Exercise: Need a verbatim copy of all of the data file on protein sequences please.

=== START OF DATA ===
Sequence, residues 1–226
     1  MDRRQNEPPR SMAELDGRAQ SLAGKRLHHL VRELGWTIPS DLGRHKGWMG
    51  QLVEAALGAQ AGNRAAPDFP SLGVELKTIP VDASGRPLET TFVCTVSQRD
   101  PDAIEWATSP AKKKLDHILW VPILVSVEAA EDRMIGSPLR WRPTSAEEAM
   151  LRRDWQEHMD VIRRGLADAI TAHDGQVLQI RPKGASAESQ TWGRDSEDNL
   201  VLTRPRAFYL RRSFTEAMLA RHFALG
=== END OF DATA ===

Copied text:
Sequence, residues 1–226
     1  MDRRQNEPPR SMAELDGRAQ SLAGKRLHHL VRELGWTIPS DLGRHKGWMG
    51  QLVEAALGAQ AGNRAAPDFP SLGVELKTIP VDASGRPLET TFVCTVSQRD
   101  PDAIEWATSP AKKKLDHILW VPILVSVEAA EDRMIGSPLR WRPTSAEEAM
   151  LRRDWQEHMD VIRRGLADAI TAHDGQVLQI RPKGASAESQ TWGRDSEDNL
   201  VLTRPRAFYL RRSFTEAMLA RHFALG